Type of Evidence Supporting the Criterion of Quality for the Measure

  • A clinical practice guideline or other peer-reviewed synthesis of the clinical research evidence
  • One or more research studies published in a National Library of Medicine (NLM) indexed, peer-reviewed journal

Additional Information Supporting Need for the Measure

  • Suicide is a major public health epidemic. According to the Centers for Disease Control and Prevention (CDC) the rates of suicide have not decreased in 100 years and remain the 11th leading cause of death in the United States. Ninety percent of those completing suicide have a psychiatric diagnosis at the time of death with depression and alcohol abuse most commonly noted. Over 80 million people in the United States are at risk for suicide due to mental illness and substance use disorders and about 30,000 Americans each year die by suicide. It is estimated that the cost to society in lost productivity each year is approximately $11 billion.
  • A defensive measure benefiting the patient is documentation of a suicide risk assessment. According to Hirschfeld & Russell (1997), many physicians and even mental health providers are hesitant to inquire about suicide with the fear of provoking the risk of suicide or likely due to discomfort discussing the topic. Assessment of suicide risk is an essential component to recognizing the problem and formulating the appropriate treatment plan for all patients acute enough to warrant inpatient level of care.
  • McNiel et al. (2008) assert that violence risk assessment varies widely and frequently is not incorporated into training programs for psychiatric residents, leaving some patients at risk for violence to self and others. A crucial component of all risk assessment includes screening for suicidal and homicidal ideation.
  • In the National Crime Victimization Survey for 1993 to 1999 which was conducted by the Department of Justice, the annual rate of nonfatal, job-related violent crime against psychiatrists and mental health professionals was 68.2 per 1,000 and 69.0 per 1,000 for mental health custodial workers as compared to 12.6 per 1,000 for workers in all occupations. According to Swanson (1994), the lifetime prevalence of violent behavior ranges from 16.1% for those with schizophrenia spectrum or a major affective disorder to 43.6% for those with a serious mental illness (SMI) with co-occurring substance use disorder (SUD).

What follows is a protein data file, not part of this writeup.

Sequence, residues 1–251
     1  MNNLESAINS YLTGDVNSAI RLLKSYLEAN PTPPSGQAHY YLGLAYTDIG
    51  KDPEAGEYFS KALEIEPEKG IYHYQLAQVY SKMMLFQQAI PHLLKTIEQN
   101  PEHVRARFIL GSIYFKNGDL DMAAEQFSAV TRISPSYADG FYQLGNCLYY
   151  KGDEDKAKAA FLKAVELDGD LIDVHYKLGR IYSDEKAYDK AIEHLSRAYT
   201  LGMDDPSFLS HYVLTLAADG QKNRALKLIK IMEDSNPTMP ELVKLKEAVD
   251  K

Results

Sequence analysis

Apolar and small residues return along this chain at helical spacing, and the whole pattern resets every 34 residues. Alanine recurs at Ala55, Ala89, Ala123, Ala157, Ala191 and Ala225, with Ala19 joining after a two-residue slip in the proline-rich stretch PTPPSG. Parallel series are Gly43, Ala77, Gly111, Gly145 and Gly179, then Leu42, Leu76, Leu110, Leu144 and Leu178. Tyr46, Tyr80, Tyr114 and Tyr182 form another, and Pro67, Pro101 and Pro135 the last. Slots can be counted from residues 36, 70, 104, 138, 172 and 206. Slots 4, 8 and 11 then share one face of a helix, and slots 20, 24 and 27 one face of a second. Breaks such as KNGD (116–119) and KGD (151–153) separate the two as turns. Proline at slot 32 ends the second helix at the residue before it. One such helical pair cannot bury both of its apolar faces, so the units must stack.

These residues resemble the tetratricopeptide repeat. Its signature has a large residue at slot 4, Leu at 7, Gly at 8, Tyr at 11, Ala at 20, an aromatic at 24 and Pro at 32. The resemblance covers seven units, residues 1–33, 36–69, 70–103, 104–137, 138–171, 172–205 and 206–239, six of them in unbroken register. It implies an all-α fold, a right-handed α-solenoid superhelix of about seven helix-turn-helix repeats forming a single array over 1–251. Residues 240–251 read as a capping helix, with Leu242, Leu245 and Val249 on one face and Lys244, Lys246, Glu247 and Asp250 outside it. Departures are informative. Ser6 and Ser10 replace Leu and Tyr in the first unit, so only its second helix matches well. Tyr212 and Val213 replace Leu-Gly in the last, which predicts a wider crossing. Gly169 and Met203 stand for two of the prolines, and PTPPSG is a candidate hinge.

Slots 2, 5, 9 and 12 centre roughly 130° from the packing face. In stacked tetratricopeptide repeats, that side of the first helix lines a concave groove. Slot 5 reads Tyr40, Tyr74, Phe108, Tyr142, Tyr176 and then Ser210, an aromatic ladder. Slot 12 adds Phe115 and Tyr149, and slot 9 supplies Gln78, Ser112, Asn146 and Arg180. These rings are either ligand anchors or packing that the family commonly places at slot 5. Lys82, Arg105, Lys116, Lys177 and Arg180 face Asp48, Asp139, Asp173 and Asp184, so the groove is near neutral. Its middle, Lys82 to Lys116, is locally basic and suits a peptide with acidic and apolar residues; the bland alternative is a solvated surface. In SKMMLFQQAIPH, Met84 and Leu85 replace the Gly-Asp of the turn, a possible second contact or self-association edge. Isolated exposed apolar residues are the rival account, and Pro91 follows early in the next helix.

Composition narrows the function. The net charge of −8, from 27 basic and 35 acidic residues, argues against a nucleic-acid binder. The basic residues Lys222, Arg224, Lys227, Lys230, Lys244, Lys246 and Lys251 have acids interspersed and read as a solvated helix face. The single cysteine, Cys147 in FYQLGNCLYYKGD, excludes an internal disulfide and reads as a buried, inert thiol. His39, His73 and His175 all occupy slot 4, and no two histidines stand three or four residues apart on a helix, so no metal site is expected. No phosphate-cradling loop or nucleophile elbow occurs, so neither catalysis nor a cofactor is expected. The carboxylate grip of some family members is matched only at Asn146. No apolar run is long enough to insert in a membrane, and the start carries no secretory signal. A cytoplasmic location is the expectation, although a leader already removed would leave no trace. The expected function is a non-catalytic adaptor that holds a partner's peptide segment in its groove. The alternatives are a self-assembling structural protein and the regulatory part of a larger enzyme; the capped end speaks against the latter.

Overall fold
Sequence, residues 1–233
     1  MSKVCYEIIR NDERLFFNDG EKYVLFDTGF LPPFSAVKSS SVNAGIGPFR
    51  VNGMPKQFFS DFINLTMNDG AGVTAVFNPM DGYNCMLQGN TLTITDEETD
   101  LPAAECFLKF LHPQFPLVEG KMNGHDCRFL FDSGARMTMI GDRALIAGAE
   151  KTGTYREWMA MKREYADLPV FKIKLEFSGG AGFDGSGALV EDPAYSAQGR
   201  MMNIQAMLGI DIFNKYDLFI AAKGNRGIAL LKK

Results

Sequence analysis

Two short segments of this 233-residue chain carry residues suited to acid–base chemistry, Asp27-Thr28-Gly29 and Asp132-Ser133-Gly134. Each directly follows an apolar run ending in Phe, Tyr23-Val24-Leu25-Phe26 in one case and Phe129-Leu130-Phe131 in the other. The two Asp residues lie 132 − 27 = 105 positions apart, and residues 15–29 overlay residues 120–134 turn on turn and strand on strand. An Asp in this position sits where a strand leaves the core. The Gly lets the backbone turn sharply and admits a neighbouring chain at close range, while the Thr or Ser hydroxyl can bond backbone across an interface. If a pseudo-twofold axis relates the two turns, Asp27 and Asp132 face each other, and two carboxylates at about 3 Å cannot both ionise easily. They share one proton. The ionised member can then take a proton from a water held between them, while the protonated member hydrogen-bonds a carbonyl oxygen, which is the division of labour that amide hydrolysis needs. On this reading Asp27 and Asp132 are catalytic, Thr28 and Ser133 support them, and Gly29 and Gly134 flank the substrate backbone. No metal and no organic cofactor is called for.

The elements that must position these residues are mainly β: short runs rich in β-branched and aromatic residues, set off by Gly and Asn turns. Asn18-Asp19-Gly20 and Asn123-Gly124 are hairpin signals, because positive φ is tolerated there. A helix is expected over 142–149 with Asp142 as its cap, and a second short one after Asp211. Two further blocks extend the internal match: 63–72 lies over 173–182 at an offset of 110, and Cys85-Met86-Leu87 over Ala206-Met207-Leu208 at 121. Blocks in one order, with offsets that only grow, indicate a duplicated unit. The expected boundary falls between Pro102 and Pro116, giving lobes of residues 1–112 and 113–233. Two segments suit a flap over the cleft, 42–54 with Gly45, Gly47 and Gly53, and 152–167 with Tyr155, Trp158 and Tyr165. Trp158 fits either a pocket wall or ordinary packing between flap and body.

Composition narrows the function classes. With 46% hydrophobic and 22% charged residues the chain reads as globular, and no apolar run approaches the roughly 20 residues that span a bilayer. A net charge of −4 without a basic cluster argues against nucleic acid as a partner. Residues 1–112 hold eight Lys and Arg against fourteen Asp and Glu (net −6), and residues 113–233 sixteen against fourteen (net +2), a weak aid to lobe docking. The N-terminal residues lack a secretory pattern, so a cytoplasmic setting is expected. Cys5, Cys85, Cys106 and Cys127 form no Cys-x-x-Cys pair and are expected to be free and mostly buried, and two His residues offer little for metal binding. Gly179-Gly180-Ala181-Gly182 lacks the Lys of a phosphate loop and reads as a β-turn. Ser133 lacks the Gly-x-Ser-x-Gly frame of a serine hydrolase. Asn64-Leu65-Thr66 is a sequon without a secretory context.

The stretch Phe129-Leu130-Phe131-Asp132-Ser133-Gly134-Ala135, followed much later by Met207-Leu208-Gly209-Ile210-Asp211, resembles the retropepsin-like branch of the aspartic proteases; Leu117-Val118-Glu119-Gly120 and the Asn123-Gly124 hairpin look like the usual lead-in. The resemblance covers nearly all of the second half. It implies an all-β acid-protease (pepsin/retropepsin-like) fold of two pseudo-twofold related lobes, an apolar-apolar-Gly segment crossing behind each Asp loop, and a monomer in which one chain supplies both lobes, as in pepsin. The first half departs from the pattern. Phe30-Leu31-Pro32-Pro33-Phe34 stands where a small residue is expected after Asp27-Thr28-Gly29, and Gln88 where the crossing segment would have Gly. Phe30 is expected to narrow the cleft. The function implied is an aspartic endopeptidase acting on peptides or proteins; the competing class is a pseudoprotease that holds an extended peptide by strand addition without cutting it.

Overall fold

• A review of 27 studies on patient violence performed by Johnson (2004) supports the need for a careful risk assessment to determine which patients are at risk for violent and aggressive behavior while in the inpatient psychiatric care setting. Recently The Joint Commission released a Sentinel Event Alert on preventing violence in the health care setting which reported 256 violent events from 1995 through June 2010 in the Sentinel Event Database resulting in patient assault, homicide or rape.
  • SUD has been identified as a risk factor for violence. Those with co-occurring SUD and SMI who are non-compliant with medications in particular are susceptible to committing violent acts. The Substance Abuse and Mental Health Services Administration (SAMHSA) estimates that 4.6 million American adults have both SUD and mental illness. Additionally, unrecognized alcohol use disorder can result in the life threatening condition delirium tremens.
  • Excessive use of alcohol and drugs has a substantial harmful impact on health and society in the United States. It is a drain on the economy and a source of enormous personal tragedy. In 1998 the economic costs to society were $185 billion for alcohol misuse and $143 billion was attributable to drug problems. Health care spending was $19 billion for alcohol problems, and $14 billion for drug problems. Nearly a quarter of one trillion dollars in lost productivity is attributable to substance use. It is therefore critical to screen for the joint presence of these two elements of Hospital-based Inpatient Psychiatric Services (HBIPS) 1 in order to develop a comprehensive approach to treatment.